Asheville Treatment for Binge Eating Disorder
The Diagnostic and Statistical Manual for Mental Disorders has defined binge eating disorder (BED) as repeated binges that occur at least weekly for three months, throughout which a person consumes an amount of food that most people would consider excessive. To meet criteria for this disorder, a person must feel that he or she is unable to control the amount of food consumed during binges; other factors, such as eating more quickly than normal, feeling guilty about the binge, or eating excessive amounts despite not truly being hungry, are also present in BED.
To recover from this condition, clients often undergo a combination of psychological and dietary interventions, with a doctor or nutritionist with expertise in eating disorders providing a BED recovery meal plan. Some people also take medications to help them recover. A BED recovery meal plan can promote a balanced diet and enhance the benefits of medications and psychological services like counseling in the treatment of BED.
A balanced BED recovery meal plan can help you to recover and get the nutrients your body needs for optimal functioning. A balanced diet plan includes regular meals as well as a variety of foods from all food groups to meet your body’s nutritional needs.
The United States Department of Agriculture (USDA) provides dietary guidelines and recommends that people consume a diet that is rich in fruits, multiple varieties of vegetables, whole grains, low-fat dairy products, and protein sources, including eggs, nuts, seafood, chicken, and beans. The USDA also advises that people consume alcohol in moderation and limit foods containing trans fats and excessive amounts of added sugars. These guidelines are useful for creating a balanced recovery meal plan.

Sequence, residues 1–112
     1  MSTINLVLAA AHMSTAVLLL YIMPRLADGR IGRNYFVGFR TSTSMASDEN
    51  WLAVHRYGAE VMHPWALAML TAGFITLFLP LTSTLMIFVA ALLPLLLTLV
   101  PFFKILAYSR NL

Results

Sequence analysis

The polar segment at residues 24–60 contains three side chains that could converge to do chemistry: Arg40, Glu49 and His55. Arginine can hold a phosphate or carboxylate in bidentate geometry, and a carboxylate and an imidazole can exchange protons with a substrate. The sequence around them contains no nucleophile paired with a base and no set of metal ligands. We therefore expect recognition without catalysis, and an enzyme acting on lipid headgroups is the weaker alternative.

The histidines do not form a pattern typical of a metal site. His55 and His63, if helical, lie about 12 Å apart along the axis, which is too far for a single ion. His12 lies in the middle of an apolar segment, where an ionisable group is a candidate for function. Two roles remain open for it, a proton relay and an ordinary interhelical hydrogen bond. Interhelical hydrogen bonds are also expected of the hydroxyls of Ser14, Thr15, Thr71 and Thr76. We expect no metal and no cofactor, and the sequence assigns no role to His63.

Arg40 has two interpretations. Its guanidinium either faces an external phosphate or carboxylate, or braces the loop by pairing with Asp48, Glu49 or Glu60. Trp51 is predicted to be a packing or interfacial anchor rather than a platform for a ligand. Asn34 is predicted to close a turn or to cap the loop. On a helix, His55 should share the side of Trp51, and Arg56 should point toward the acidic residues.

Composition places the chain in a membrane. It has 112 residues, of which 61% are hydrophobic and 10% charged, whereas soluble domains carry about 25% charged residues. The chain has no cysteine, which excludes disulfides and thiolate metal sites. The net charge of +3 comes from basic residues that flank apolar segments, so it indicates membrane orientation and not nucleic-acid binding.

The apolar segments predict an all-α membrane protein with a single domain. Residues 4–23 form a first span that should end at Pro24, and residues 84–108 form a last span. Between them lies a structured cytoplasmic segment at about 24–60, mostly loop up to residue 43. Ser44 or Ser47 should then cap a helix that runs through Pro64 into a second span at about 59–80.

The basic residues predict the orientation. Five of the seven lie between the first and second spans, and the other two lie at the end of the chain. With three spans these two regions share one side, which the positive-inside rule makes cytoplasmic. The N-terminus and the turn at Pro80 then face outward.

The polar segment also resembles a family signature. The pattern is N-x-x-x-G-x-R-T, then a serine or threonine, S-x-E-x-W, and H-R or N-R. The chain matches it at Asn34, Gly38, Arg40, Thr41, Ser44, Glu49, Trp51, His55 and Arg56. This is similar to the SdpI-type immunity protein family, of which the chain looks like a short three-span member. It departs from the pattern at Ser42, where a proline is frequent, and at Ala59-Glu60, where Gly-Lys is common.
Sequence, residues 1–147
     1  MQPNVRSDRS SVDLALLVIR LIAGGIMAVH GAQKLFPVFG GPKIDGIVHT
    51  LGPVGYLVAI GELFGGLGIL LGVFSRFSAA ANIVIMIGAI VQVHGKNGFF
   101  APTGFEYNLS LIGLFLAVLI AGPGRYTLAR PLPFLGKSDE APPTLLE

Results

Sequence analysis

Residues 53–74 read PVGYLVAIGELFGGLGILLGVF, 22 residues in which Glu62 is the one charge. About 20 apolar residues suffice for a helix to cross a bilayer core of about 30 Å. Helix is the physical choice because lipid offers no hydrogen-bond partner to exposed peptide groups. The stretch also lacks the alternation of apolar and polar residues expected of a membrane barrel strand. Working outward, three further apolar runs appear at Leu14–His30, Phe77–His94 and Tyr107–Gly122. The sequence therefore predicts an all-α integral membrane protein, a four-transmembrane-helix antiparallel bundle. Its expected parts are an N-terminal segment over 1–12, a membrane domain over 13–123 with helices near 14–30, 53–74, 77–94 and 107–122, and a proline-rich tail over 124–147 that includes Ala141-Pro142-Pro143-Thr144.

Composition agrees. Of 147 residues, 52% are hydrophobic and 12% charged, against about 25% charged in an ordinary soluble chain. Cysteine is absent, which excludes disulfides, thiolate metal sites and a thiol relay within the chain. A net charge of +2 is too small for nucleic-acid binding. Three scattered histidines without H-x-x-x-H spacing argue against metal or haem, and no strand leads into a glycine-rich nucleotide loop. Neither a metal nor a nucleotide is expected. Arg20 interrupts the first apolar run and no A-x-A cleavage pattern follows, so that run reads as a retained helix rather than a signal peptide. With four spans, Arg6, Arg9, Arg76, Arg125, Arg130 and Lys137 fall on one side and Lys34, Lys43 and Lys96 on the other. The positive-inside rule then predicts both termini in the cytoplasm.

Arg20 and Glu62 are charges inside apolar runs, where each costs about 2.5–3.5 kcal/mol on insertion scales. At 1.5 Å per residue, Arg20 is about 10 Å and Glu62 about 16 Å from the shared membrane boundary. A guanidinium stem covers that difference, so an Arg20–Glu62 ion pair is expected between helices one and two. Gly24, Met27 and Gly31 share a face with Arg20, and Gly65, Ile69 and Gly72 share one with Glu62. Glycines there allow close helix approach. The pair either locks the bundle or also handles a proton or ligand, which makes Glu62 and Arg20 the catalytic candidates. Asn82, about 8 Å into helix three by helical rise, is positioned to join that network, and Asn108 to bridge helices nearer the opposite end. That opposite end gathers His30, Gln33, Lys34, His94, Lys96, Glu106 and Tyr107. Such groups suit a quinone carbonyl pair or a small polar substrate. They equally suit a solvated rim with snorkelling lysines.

Avoiding Restriction in a BED Recovery Meal Plan
While you may be tempted to restrict calories or certain food groups to lose weight, this can be ineffective in a BED recovery meal plan. In a 2010 study in The Journal of Neuroscience, researchers evaluated the effects of moderate calorie restriction, similar to what occurs when people diet to lose weight, on a group of mice. Study results showed that three weeks of calorie restriction resulted in an elevation of the stress hormone corticosterone among the mice, and it created physiological changes in the brain that did not resolve when mice returned to normal feeding levels.
In addition to this finding, the researchers discovered that over the long-term, mice who underwent calorie restriction demonstrated an increase in binge eating when subjected to stress. Being too restrictive with a BED recovery meal plan could have the opposite intended effect and put you at risk.
The Importance of Regular Meals in Recovery
In addition to avoiding restriction, incorporating regular meals into your BED recovery meal plan can help you to be successful. In 2006, scientists writing for the journal Behaviour Research and Therapy analyzed the eating habits of individuals with binge eating disorder to determine the effects of these habits on weight and binging behavior. The results of their study indicated that subjects who ate meals more frequently and ate breakfast tended to have healthier bodyweight.
Study results also showed that individuals who consumed three meals per day engaged in less binge eating when compared to those who neglected to eat three meals each day.
Eating for Hunger & Fuel